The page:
Alexa, Where's My Privacy? Amazon Reportedly Developing Emotion-Detecting Wearables

Wednesday, 29 May 2019 - 12:15PM
Gadgets
Dystopias
Wednesday, 29 May 2019 - 12:15PM
Alexa, Where's My Privacy? Amazon Reportedly Developing Emotion-Detecting Wearables
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Adapted from Pixabay images
Color me hypervigilant, but I'm just a little skeptical when it comes to the benevolence touted by tech companies when it comes to devices, applications, or technology that purport to make my life easier by predicting my needs, analyzing my spending behaviors, tracking my whereabouts, or recording data about my physical health. It's not just that those data points are valuable to marketers, advertisers, and other breathless adherents to the Cult of Big Data that aren't giving me a cut of the profits, it's that I don't want corporations or governments embedding themselves in my every transaction, walk around the block, or trip to the gym. In a world where every other person seems to be demanding 15 minutes of fame, I'm still holding out for 15 minutes of anonymity.


Suffice it to say the announcement by Bloomberg News that Amazon is working on – and perhaps beta-testing – an emotion-detecting wearable device raised the bar for my skepticism. According to Bloomberg, who based the article on an anonymous source, "internal documents reviewed by Bloomberg," and two patents, the device – code-named Dylan – is a smart-phone compatible AI wearable equipped with microphones and software that analyzes a user's voice for emotional data.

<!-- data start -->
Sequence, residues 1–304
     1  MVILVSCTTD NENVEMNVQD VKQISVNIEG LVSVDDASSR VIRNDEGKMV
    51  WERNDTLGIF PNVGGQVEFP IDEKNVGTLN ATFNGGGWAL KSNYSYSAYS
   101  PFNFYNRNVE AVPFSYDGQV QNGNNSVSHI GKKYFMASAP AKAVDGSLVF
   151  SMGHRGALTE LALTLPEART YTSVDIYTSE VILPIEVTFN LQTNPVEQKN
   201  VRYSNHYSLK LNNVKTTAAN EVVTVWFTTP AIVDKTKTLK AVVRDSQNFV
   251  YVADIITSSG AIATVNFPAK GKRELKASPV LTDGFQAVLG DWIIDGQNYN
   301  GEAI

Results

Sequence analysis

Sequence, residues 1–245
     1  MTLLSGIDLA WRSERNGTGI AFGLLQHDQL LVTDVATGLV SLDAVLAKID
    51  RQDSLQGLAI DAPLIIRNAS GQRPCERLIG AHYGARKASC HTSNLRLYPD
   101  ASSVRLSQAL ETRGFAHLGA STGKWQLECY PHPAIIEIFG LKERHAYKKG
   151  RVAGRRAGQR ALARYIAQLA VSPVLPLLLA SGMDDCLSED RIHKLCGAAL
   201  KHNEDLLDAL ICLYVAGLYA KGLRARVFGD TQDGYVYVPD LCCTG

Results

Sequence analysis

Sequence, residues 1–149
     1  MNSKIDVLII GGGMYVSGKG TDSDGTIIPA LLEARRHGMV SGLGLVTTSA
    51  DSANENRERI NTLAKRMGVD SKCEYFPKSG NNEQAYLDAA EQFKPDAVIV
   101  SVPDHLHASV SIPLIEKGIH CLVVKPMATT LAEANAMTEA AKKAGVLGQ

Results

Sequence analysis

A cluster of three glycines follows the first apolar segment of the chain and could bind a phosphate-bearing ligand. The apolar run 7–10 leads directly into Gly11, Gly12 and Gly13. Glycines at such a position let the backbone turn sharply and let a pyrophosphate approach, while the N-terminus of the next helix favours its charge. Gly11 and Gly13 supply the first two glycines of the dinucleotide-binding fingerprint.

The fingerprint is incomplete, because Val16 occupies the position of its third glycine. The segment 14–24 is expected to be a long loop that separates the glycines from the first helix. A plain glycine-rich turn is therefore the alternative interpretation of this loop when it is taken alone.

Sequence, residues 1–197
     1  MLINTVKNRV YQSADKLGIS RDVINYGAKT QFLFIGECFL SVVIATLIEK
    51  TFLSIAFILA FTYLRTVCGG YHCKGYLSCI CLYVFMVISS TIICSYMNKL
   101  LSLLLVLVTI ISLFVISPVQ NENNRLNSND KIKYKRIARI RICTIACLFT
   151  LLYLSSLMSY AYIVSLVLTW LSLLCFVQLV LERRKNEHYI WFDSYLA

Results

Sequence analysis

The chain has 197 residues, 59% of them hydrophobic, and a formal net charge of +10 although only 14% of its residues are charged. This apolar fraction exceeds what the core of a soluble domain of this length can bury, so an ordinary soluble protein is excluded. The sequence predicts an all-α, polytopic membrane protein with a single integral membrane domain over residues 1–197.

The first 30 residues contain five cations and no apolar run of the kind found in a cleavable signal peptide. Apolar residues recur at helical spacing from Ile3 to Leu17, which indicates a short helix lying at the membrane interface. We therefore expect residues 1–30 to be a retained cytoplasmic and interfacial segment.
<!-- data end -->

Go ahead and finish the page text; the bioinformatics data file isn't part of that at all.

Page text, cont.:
Bloomberg's source claims that the device is currently being tested, at least to some degree. "A beta testing program is underway," Bloomberg reports, "though it's unclear whether the trial includes prototype hardware, the emotion-detecting software or both."





Having previously reported on similar technology developed by a certain social media behemoth, I located one of the Amazon patents Bloomberg examined entitled "Voice-based determination of physical and emotional characteristics of users" that can do exactly what Bloomberg claims Dylan can do... and more. 


At first glance, the patent seems relatively benign, intended to choose audio content based on a user's mood. The illustrations, however, paint a slightly different picture as to how such data might be used to suggest products for purchase.


The background section of the patent's description reads:


Opening quote
Users may consume audio content via a number of content consumption devices. Certain content consumption devices may be configured to receive voice-based commands, or may otherwise be configured to recognize speech. Voice input from users to such devices may reflect a physical or emotional characteristic of the user. Accordingly, determining a physical or emotional characteristic of a user using a voice input may be desired.
Closing quote




U.S. Patent Office via Google 

There's a certain kind of person who'll treat this as solely a novelty, as a step in the right direction for a consumer-friendly infrastructure built around commerce and technology rather than further corporate intrusion based on opacity, deception, and profit. Given Amazon's reluctance to discuss the matter with Bloomberg – they declined to comment – I'm inclined to regard this as the latter.
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